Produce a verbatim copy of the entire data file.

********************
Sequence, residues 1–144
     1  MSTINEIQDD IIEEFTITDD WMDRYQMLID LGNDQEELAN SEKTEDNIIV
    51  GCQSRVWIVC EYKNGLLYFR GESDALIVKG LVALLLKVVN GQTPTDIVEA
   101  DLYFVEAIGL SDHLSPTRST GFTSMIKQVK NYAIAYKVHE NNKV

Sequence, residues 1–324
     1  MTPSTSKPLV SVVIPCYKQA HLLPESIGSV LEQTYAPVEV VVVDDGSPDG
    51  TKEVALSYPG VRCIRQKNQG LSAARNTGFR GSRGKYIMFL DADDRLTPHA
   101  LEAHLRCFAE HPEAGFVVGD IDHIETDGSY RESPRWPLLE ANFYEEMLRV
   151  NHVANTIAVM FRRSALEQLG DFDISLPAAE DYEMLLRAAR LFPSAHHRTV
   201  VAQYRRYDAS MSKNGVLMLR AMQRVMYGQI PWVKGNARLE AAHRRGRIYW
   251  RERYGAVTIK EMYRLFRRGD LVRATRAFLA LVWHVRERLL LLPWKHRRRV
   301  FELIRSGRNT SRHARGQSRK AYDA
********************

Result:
Sequence, residues 1–144
     1  MSTINEIQDD IIEEFTITDD WMDRYQMLID LGNDQEELAN SEKTEDNIIV
    51  GCQSRVWIVC EYKNGLLYFR GESDALIVKG LVALLLKVVN GQTPTDIVEA
   101  DLYFVEAIGL SDHLSPTRST GFTSMIKQVK NYAIAYKVHE NNKV

Sequence, residues 1–324
     1  MTPSTSKPLV SVVIPCYKQA HLLPESIGSV LEQTYAPVEV VVVDDGSPDG
    51  TKEVALSYPG VRCIRQKNQG LSAARNTGFR GSRGKYIMFL DADDRLTPHA
   101  LEAHLRCFAE HPEAGFVVGD IDHIETDGSY RESPRWPLLE ANFYEEMLRV
   151  NHVANTIAVM FRRSALEQLG DFDISLPAAE DYEMLLRAAR LFPSAHHRTV
   201  VAQYRRYDAS MSKNGVLMLR AMQRVMYGQI PWVKGNARLE AAHRRGRIYW
   251  RERYGAVTIK EMYRLFRRGD LVRATRAFLA LVWHVRERLL LLPWKHRRRV
   301  FELIRSGRNT SRHARGQSRK AYDA